Generated collection
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All scales with the deep scale property can be generated by any interval coprime with twelve. The C major diatonic collection can be generated by adding a cycle of fifths starting at F. Using integer notation and modulo 12,5 +7 =0,0 +7 =7,7 +7 =2,2 +7 =9,9 +7 =4,4 +7 =11. The C major scale could also be generated using cycle of perfect fourths, a generated collection for which a single generic interval corresponds to the single generator or interval cycle used is a MOS or well formed generated collection. For example, the collection is well formed, for the perfect fifth corresponds to the generator 7. The pentatonic scale is well formed. While unpublished, this became widely known and used in the microtonal music community. A bisector is a weaker substitute used to create collections that cannot be generated, distance model circle of fifths Pythagorean tuning Handwritten letter of Erv Wilson Carey, Norman and Clampitt, David. Aspects of Well-Formed Scales, Music Theory Spectrum 11, 187–206, Scales, Sets, and Interval Cycles,79. Foundations of Diatonic Theory, A Mathematically Based Approach to Music Fundamentals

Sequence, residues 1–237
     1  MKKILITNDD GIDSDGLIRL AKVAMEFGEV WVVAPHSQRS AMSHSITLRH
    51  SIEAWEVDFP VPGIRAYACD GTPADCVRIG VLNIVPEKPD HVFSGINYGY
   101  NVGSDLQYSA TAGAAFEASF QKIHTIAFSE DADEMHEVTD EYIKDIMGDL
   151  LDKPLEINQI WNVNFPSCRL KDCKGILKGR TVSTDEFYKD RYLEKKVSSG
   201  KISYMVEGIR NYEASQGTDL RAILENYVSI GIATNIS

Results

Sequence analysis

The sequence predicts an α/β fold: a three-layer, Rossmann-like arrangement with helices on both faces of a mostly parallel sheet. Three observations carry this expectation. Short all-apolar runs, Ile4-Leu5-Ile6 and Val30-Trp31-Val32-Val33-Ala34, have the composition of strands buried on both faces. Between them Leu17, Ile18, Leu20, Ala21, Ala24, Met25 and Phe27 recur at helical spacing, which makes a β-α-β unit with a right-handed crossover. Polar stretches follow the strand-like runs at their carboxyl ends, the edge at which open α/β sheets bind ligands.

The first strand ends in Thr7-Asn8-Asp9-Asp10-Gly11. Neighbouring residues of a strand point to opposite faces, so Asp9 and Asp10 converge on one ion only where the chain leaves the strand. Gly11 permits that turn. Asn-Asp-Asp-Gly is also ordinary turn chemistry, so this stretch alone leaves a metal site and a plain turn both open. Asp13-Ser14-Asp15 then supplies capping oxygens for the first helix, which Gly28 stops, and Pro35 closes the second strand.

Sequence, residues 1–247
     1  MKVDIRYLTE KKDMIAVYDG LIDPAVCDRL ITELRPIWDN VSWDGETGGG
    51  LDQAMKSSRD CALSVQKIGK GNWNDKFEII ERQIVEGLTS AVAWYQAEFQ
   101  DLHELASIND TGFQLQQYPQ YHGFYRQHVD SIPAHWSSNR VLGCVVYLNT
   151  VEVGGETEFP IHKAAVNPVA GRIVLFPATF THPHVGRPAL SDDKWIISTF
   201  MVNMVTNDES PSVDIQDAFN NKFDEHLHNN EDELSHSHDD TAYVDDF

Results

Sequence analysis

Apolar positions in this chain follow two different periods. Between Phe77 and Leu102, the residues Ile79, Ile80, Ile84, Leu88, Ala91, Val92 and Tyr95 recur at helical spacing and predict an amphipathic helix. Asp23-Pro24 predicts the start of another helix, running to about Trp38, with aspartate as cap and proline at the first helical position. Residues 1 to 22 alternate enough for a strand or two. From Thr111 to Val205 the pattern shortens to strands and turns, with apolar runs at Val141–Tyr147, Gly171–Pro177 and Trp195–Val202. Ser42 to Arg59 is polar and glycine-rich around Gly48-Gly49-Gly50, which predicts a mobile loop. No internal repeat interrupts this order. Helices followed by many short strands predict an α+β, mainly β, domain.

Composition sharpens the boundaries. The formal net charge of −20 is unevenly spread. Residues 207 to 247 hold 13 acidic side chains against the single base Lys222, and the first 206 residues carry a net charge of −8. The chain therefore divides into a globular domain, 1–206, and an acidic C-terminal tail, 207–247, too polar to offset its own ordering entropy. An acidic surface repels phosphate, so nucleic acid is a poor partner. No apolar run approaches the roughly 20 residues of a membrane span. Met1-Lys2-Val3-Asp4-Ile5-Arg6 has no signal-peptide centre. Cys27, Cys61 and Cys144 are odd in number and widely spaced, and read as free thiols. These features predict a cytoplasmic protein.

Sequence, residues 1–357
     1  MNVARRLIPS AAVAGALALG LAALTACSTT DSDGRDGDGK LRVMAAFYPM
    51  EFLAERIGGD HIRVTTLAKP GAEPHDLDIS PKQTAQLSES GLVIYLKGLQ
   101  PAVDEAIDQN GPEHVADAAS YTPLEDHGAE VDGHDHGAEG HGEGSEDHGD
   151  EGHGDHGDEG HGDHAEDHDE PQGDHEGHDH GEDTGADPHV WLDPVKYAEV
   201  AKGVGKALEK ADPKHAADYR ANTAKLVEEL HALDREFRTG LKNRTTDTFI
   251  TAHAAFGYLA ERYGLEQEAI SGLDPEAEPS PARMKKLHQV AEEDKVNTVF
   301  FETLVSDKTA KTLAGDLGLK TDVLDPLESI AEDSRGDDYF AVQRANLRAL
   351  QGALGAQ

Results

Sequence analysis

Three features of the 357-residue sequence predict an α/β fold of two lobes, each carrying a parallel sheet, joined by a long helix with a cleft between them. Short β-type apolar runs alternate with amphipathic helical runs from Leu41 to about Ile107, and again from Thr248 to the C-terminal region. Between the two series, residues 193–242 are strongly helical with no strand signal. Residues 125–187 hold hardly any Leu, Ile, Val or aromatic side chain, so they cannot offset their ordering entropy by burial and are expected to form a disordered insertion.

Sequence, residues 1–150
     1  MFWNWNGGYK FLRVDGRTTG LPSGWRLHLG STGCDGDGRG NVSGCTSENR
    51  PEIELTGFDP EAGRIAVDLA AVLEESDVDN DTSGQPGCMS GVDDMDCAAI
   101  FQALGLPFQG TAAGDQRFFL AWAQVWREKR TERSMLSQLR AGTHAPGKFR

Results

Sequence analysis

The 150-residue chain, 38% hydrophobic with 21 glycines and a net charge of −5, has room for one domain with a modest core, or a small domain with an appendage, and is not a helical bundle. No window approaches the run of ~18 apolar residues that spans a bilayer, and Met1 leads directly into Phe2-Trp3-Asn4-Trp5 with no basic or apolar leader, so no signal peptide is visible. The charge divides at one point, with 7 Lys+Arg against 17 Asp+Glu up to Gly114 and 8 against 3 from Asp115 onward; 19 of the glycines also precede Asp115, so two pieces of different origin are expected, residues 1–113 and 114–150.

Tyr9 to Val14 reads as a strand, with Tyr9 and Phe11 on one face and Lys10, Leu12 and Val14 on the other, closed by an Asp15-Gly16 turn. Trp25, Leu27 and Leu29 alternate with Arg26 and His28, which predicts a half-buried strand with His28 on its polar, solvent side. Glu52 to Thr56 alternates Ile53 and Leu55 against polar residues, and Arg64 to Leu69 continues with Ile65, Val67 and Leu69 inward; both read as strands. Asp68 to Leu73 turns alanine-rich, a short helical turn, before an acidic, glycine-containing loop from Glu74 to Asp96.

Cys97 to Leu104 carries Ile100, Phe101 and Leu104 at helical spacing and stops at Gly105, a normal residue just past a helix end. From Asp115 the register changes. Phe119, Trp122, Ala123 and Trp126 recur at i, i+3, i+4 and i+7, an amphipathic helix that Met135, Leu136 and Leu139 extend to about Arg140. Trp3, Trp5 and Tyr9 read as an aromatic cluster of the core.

36.
Maximal evenness